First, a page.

Ionisation energy is the energy to remove the first electron from an atom in the gaseous state.
- Increases across a period as electron shells go from near empty to full.
- Decreases down a group as the outer electrons become further removed from the positive nucleus.
- The second ionisation energy is always greater than the first since the electron is now being removed from a positive ion.
Electronegativity is the relative power to attract electrons.
- Increases across a period as the number of protons increases so does the positive charge of the nucleus, thus a stronger attraction and electrons are being held more tightly.
- Decrease down a group as the negatively charged electrons repel each other and the 'invaders'. The more protons, the greater the number of occupied electron shells that shield the nucleus.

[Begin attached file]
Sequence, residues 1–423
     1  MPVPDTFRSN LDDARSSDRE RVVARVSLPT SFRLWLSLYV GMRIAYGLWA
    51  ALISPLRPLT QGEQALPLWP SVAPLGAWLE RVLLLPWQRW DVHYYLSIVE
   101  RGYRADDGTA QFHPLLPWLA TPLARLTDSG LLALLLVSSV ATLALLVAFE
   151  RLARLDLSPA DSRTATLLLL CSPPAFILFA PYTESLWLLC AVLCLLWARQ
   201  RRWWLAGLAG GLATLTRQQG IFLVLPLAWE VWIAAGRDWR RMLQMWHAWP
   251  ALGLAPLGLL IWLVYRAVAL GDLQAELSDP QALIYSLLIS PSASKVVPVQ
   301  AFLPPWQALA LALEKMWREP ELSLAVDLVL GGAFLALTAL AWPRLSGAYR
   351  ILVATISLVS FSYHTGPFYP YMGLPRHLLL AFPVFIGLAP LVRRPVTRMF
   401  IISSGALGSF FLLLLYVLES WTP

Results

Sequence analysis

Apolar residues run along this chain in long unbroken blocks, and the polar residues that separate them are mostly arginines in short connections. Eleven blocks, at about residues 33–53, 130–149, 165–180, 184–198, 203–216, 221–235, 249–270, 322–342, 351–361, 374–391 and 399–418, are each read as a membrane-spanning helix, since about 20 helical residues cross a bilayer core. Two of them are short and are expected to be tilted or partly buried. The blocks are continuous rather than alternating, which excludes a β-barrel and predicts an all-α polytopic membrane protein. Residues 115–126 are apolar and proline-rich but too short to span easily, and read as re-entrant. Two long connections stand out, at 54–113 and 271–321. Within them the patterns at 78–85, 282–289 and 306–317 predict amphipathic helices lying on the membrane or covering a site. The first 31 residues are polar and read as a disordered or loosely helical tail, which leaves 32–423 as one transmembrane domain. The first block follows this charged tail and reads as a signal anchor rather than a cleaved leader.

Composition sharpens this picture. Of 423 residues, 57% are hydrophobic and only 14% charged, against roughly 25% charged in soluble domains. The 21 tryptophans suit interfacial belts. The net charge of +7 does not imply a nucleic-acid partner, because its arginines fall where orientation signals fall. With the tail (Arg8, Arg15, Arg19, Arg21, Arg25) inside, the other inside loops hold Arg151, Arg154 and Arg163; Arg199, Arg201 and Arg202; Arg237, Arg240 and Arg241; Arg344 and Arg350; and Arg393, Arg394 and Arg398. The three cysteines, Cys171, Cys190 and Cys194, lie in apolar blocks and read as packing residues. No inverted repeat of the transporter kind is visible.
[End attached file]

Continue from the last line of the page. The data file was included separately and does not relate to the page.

- Fluorine is the most electronegative element and when combined with caesium, will react violently.
- Decreases across a period because the number of positively charged protons in the nucleus increases, pulling the negative electrons in more tightly.
- Increases down a group as the number of electron shells increase.
Melting and Boiling Points
- Increases to Group IV, then rapidly decreases.
- Groups I and II (Metallic bond). Moderate to high
- Group IV (Covalent network solids). Very high
- Group VII (Diatomic covalent). Forces between molecules are weak so it's low.
- Group VIII (Monatomic gases). Only forces between atoms are weak dispersion forces so its very low